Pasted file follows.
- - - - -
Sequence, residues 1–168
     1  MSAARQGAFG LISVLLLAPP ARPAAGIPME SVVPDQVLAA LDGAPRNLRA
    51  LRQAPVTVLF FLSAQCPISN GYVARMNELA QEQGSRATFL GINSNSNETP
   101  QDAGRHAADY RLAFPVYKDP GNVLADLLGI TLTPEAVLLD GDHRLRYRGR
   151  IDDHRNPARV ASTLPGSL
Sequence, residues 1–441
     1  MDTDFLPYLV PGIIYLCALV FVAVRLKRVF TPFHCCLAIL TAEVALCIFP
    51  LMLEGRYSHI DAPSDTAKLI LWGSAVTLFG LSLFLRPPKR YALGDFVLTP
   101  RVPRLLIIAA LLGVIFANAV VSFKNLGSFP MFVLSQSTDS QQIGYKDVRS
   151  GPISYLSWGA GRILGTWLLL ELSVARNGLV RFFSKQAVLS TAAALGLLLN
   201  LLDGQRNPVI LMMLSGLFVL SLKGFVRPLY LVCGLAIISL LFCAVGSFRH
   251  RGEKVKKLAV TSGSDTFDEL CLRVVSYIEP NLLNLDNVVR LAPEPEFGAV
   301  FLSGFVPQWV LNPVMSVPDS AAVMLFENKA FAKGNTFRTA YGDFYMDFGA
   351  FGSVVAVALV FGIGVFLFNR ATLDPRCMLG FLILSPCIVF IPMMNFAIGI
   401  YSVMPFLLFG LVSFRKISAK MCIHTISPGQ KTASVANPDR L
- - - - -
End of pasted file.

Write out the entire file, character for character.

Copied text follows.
Sequence, residues 1–168
     1  MSAARQGAFG LISVLLLAPP ARPAAGIPME SVVPDQVLAA LDGAPRNLRA
    51  LRQAPVTVLF FLSAQCPISN GYVARMNELA QEQGSRATFL GINSNSNETP
   101  QDAGRHAADY RLAFPVYKDP GNVLADLLGI TLTPEAVLLD GDHRLRYRGR
   151  IDDHRNPARV ASTLPGSL
Sequence, residues 1–441
     1  MDTDFLPYLV PGIIYLCALV FVAVRLKRVF TPFHCCLAIL TAEVALCIFP
    51  LMLEGRYSHI DAPSDTAKLI LWGSAVTLFG LSLFLRPPKR YALGDFVLTP
   101  RVPRLLIIAA LLGVIFANAV VSFKNLGSFP MFVLSQSTDS QQIGYKDVRS
   151  GPISYLSWGA GRILGTWLLL ELSVARNGLV RFFSKQAVLS TAAALGLLLN
   201  LLDGQRNPVI LMMLSGLFVL SLKGFVRPLY LVCGLAIISL LFCAVGSFRH
   251  RGEKVKKLAV TSGSDTFDEL CLRVVSYIEP NLLNLDNVVR LAPEPEFGAV
   301  FLSGFVPQWV LNPVMSVPDS AAVMLFENKA FAKGNTFRTA YGDFYMDFGA
   351  FGSVVAVALV FGIGVFLFNR ATLDPRCMLG FLILSPCIVF IPMMNFAIGI
   401  YSVMPFLLFG LVSFRKISAK MCIHTISPGQ KTASVANPDR L